To use ssh-agent(1) in a shell, first it will need to be spawned with a shell as an argument. Secondly, the identity needs to be added by running ssh-add(1) and providing it the passphrase for the private key. Once these steps have been completed the user will be able to ssh(1) to any host that has the corresponding public key installed. For example:
% ssh-agent csh % ssh-add Enter passphrase for /home/user/.ssh/id_dsa: Identity added: /home/user/.ssh/id_dsa (/home/user/.ssh/id_dsa) %
To use ssh-agent(1) in X11, a call to ssh-agent(1) will need to be placed in ~/.xinitrc. This will provide the ssh-agent(1) services to all programs launched in X11. An example ~/.xinitrc file might look like this:
exec ssh-agent startxfce4
This would launch ssh-agent(1), which would in turn launch XFCE, every time X11 starts. Then once that is done and X11 has been restarted so that the changes can take effect, simply run ssh-add(1) to load all of your SSH keys.
OpenSSH has the ability to create a tunnel to encapsulate another protocol in an encrypted session.
The following command tells ssh(1) to create a tunnel for telnet:
% ssh -2 -N -f -L 5023:localhost:23 email@example.com %
The ssh command is used with the following options:
Forces ssh to use version 2 of the protocol. (Do not use if you are working with older SSH servers)
Indicates no command, or tunnel only. If omitted, ssh would initiate a normal session.
Forces ssh to run in the background.
Indicates a local tunnel in localport:remotehost:remoteport fashion.
The remote SSH server.
An SSH tunnel works by creating a listen socket on localhost on the specified port. It then forwards any connection received on the local host/port via the SSH connection to the specified remote host and port.
In the example, port 5023 on localhost is being forwarded to port 23 on localhost of the remote machine. Since 23 is telnet, this would create a secure telnet session through an SSH tunnel.
This can be used to wrap any number of insecure TCP protocols such as SMTP, POP3, FTP, etc.
Example 15-1. Using SSH to Create a Secure Tunnel for SMTP
% ssh -2 -N -f -L 5025:localhost:25 firstname.lastname@example.org email@example.com's password: ***** % telnet localhost 5025 Trying 127.0.0.1... Connected to localhost. Escape character is '^]'. 220 mailserver.example.com ESMTP
This can be used in conjunction with an ssh-keygen(1) and additional user accounts to create a more seamless/hassle-free SSH tunneling environment. Keys can be used in place of typing a password, and the tunnels can be run as a separate user.
At work, there is an SSH server that accepts connections from the outside. On the same office network resides a mail server running a POP3 server. The network, or network path between your home and office may or may not be completely trustable. Because of this, you need to check your e-mail in a secure manner. The solution is to create an SSH connection to your office's SSH server, and tunnel through to the mail server.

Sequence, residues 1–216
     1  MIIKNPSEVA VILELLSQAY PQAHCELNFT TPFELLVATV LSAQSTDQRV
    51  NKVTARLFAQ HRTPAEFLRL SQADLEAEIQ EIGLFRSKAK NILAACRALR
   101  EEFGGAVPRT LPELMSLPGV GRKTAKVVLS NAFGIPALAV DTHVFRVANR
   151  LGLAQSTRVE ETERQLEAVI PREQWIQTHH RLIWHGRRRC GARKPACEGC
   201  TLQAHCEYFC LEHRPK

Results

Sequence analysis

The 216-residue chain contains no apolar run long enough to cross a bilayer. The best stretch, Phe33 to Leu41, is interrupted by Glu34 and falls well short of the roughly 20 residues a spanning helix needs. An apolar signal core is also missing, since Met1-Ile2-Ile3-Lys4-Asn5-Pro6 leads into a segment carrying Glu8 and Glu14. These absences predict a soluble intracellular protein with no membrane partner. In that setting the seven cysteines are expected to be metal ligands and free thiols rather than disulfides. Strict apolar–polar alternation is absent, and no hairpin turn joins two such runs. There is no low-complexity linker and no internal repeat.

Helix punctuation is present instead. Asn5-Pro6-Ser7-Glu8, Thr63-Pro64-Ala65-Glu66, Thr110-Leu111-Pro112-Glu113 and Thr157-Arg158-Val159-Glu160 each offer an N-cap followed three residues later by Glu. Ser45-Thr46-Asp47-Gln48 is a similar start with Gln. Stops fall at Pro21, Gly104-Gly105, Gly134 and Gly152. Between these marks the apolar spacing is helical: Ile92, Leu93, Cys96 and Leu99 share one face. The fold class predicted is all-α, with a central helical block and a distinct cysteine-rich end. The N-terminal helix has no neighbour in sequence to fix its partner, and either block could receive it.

% ssh -2 -N -f -L 2110:mail.example.com:110 firstname.lastname@example.org email@example.com's password: ******
When the tunnel is up and running, you can point your mail client to send POP3 requests to localhost port 2110. A connection here will be forwarded securely across the tunnel to mail.example.com.
Some network administrators impose extremely draconian firewall rules, filtering not only incoming connections, but outgoing connections. You may be only given access to contact remote machines on ports 22 and 80 for SSH and web surfing.
You may wish to access another (perhaps non-work related) service, such as an Ogg Vorbis server to stream music. If this Ogg Vorbis server is streaming on some other port than 22 or 80, you will not be able to access it.
The solution is to create an SSH connection to a machine outside of your network's firewall, and use it to tunnel to the Ogg Vorbis server.
% ssh -2 -N -f -L 8888:music.example.com:8000 firstname.lastname@example.org email@example.com's password: *******
Your streaming client can now be pointed to localhost port 8888, which will be forwarded over to music.example.com port 8000, successfully evading the firewall.
It is often a good idea to limit which users can log in and from where. The AllowUsers option is a good way to accomplish this. For example, to only allow the root user to log in from 192.168.1.32, something like this would be appropriate in the /etc/ssh/sshd_config file:
To allow the user admin to log in from anywhere, just list the username by itself:
Multiple users should be listed on the same line, like so:
AllowUsers firstname.lastname@example.org admin
Note: It is important that you list each user that needs to log in to this machine; otherwise they will be locked out.
After making changes to /etc/ssh/sshd_config you must tell sshd(8) to reload its config files, by running:
# /etc/rc.d/sshd reload